For those of you who don’t know, I am currently living in Canada for my exchange year at university and my boyfriend is back in Scotland completing his degree. Since moving out here, I am constantly being posed with the question: “Is it hard?”.
For context – this isn’t the first time that we’ve had to do long distance. Max went to Hong Kong for a semester last year and we didn’t see each other for around 5 months. However this time is a little different as I will be away for 2 4-month periods as I am coming home for Christmas and then coming back to Canada in January. To answer the question that everyone has been asking me – yes, it is hard. But it gets better.
Long distance relationships are complicated and not everyone feels the same way about them. I only have experience of being apart for a specified amount of time – as in, there is a start and end date to when we won’t see each other. I understand that it is different for those who are in relationships and live permanently far apart but this post is going to be about my experience and advice.
The truth is, the worst part about an LDR is the build up and that initial goodbye. I’ve had to do it twice now and it does not get any better the second time. When the date for departure is set, it feels like a ticking time-bomb and the countdown is excruciating. I felt like I needed to cram in as many activities, as many memories as possible before I left.
Then there is the actual goodbye itself. Crying in airports is never fun, I can tell you that. It is very distressing having to leave the person you love at the gate and keep going. At the time, every part of me just did not want to get on the plane but I knew that I had to, so that was that. Leaving the person that makes you feel secure is scary – like removing a comfort blanket from a child – but once you have gone through that first goodbye it does start to get easier from there.
You’d think with a long distance relationship that the more time you are apart, the harder it will get. But I don’t think that is entirely the case. The first week or so apart is the worst – it takes time to adjust to the fact that you won’t be around the person that you spend most of your time with at home. Then as time goes on, it just becomes normal. Don’t get me wrong – it isn’t easy and it’s not as if I’d ever chose to be in an LDR, but your routine will change and you will get used to life without that person being physically there.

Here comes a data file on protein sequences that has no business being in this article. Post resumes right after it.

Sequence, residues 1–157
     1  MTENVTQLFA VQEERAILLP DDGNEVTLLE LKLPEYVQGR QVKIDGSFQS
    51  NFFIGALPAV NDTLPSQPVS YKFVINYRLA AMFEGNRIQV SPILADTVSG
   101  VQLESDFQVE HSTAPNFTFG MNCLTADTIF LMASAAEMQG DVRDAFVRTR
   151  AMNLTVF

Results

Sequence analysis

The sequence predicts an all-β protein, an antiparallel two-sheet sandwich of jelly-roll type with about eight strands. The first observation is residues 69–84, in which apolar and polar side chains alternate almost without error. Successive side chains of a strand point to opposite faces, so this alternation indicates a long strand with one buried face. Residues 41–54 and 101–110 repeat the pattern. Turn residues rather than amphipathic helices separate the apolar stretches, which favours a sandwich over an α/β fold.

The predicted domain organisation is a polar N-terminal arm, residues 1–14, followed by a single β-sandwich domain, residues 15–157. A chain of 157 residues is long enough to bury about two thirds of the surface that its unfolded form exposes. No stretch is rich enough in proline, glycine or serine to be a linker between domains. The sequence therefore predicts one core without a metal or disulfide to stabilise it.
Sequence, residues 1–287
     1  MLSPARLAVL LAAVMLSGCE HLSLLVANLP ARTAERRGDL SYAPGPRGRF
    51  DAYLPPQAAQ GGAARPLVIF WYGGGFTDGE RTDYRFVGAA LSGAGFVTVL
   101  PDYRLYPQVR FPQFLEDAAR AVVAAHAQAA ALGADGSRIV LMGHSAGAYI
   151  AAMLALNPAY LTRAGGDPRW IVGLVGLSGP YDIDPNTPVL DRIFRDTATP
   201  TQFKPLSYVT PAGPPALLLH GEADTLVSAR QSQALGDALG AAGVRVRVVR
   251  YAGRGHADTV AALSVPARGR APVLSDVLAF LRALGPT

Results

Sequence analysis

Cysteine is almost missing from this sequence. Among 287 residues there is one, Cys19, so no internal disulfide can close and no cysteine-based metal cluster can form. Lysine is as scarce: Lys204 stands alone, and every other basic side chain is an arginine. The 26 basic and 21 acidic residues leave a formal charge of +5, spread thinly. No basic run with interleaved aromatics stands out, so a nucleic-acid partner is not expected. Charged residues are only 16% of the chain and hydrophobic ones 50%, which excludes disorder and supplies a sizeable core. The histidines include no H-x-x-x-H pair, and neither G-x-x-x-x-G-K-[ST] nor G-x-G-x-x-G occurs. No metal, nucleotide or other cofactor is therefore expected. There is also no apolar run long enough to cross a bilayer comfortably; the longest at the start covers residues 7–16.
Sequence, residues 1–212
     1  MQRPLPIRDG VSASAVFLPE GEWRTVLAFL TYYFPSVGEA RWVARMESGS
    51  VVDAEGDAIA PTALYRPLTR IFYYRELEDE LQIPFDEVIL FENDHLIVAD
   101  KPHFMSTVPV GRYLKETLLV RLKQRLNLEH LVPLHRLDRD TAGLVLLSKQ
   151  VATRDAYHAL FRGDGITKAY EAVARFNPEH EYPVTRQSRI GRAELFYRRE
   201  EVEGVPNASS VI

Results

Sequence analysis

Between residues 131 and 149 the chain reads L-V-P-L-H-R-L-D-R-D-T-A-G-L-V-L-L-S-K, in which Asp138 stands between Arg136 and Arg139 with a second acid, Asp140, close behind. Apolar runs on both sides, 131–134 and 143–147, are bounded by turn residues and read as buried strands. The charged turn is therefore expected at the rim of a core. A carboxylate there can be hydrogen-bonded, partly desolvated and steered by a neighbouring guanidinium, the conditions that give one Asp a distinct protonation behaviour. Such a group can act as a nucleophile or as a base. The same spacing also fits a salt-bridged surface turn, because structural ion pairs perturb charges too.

This brings me onto my first pieces of advice: social media is your best friend. Video calls like FaceTime and Skype are brilliant for staying in touch with each other as it is a visual thing and you almost feel like they are there because you are seeing them. I think this is so, so important. If you want this to work, you have to maintain communication. Normally, myself and Max will FaceTime maybe twice a week and sometimes more just depending on what is going on with us. Then everyday we talk on WhatsApp or other messaging apps. It’s also important not to go overboard on the calls because you won’t get to experience the new place that you’re in or just life in general if you are always on the phone to your other half. Balance is key.
Let go of the silly arguments. This is something I have to work on too but it is really important. If you bicker over small things, in person it is easy to reconcile with a hug or a kiss but when there is physical distance between you it is a lot harder. When you don’t get to spend time with the person or talk to them as often as you normally would it’s important to make the most of the time that you do have.
It’s the small things. Recently, Max and I sent each other our anniversary cards through the mail and it was honestly really exciting to wait on the envelope and wonder what was inside. I think it’s the little things that you can do for each other that keep the intimacy in the relationship – even if there are thousands of miles between you. Tagging them in funny videos/posts on Facebook, sending snapchats – all of these small things tell the person that you are thinking about them and it always feels nice to receive them.
And finally: Make plans. I think it is far more difficult to get through a period of distance when you don’t have anything planned for when you are going to see each other again. It’s good to have things to look forward to and think about when you are missing the person. Whether that be a holiday or even simple things like what food you’re going to eat with Netflix and chill (we’ve discussed that one in detail..) it all helps.
I could go on about this subject forever, but hopefully this helps some people. At the end of the day, in the world we live in it’s going to be near impossible to have a relationship without long distance at least part of the time. If any of you have experiences with LDR then please let me know in the comments!